Rhiannon Goddess and Her Astonishing Forgotten Welsh Mythology

Rhiannon Goddess with White Horse

Most people know very little about the ancient Welsh Goddess Rhiannon, even though she is one of the most important Goddesses in Welsh mythology!

This article covers everything you want to know about the Goddess Rhiannon, including origins, history, symbols, offerings, and how you can connect with her! This article is an overview for beginners. If you’d like to read more in-depth about Rhiannon, I highly encourage you to read through The Mabinogion text listed at the bottom of this article as a source.

Please note that I make every effort to ensure this information is correct and accurate through my own experiences and referencing sources throughout AND at the bottom of this article.

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Who is the Goddess Rhiannon?

Rhiannon is the Welsh goddess of horses, whose story is detailed in an ancient collection of Welsh folktales called The Mabinogion. Due to their similarities, she is often associated with Epona, the Gaulish goddess of horses, and was later equated with Vivienne of Arthurian legend. However, some scholars are skeptical of this, including Ronald Hutton, a pagan historian I greatly respect.

Many know of Rhiannon from the Fleetwood Mac song about a goddess and witch by the same name, but her story runs much deeper than that! A lunar goddess with mysterious power and cunning, Rhiannon was known to protect her realm at any cost, using her wits for political gain and even deception when necessary.

What is Rhiannon the Goddess of?

While many know Rhiannon as a goddess of horses, she is also a goddess of birds, associated with the wind and the moon, and has been affectionately called the Queen of Fairies (Learn more about Fae mythology here or discover different types of Fae here)

She is considered a sovereignty goddess, as any who would be lucky enough to marry her would be blessed with lordship over the realm. This is a common theme seen in The Mabinogion, as suitors competed for her hand to win her and claim their stake of land.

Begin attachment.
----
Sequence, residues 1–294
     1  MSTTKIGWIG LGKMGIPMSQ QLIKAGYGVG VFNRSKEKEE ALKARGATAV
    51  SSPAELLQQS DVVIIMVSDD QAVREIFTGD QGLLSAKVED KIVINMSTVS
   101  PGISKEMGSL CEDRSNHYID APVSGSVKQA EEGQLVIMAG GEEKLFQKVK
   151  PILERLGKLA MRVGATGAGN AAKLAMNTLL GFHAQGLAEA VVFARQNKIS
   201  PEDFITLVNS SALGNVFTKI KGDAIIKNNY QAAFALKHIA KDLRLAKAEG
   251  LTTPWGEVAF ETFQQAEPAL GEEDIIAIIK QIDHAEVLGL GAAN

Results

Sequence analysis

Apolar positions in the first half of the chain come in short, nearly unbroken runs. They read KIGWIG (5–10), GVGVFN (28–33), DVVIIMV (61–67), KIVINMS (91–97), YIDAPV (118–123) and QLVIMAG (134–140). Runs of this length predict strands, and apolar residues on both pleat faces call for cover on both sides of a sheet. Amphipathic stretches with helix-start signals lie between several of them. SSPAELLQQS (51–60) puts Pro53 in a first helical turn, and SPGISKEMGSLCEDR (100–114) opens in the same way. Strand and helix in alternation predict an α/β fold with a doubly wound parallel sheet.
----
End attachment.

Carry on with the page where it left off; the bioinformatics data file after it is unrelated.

Rhiannon Goddess The Mabinogion
Rhiannon riding in Arberth From The Mabinogion. Photo licensed by WikiMedia Creative Commons.

How to Pronounce Rhiannon

Rhiannon is a beautiful name pronounced Ree-ann-non. Rhiannon is often depicted riding a white horse; her name means divine queen or great queen.

Rhiannon Goddess Origins and History

While I’d love to provide the most accurate information possible, it’s important to note that this story was passed down through generations by oral tradition. This creates some interesting variations of the legend of Rhiannon. This is why there can be some conflicting viewpoints from one source to another.

The tale of Rhiannon is told in The Mabinogion, a collection of Welsh folk tales translated by Lady Charlotte Guest. It is considered the oldest work of prose literature in Britain.

Mabinogion, collection of 11 medieval Welsh tales based on mythology, folklore, and heroic legends. The tales provide interesting examples of the transmission of Celtic, Norman, and French traditions in early romance.

The name Mabinogion is derived from a scribal error and is an unjustified but convenient term for these anonymous tales.

Britannica – Mabinogion Welsh literature

Is Rhiannon a Goddess in The Mabinogion?

In The Mabinogion, Rhiannon is portrayed not as a goddess but as a mysterious and otherworldly woman who captures the heart of the protagonist, Lord Pwyll. But no matter how Lord Pwyll’s men spurred their horses and sped to catch her, they gained no ground on Rhiannon.

Although Rhiannon displays several mystical abilities in The Mabinogion, ye Lady Charlotte Guest tiptoes around calling her a goddess in her translation. This is possibly due to Christianity’s influence on England when the book was transcribed.

“And while they sat there, they saw a lady, on a pure white horse of large size, with a garment of shining gold around her…”

– The Mabinogion, Pwyll Prince of Dyved

After managing to outrun Lord Pwyll for three days, he finally asked Rhiannon if he may approach her, and she agreed to meet with him. When he does, she greets him and introduces herself and her unfortunate dilemma.

White Horse

Rhiannon’s Fiance

Rhiannon is betrothed to a man named Gwawl against her will, and she can only be saved if Pwyll accepts her hand in marriage. He does, and that night he feasts with her by his side.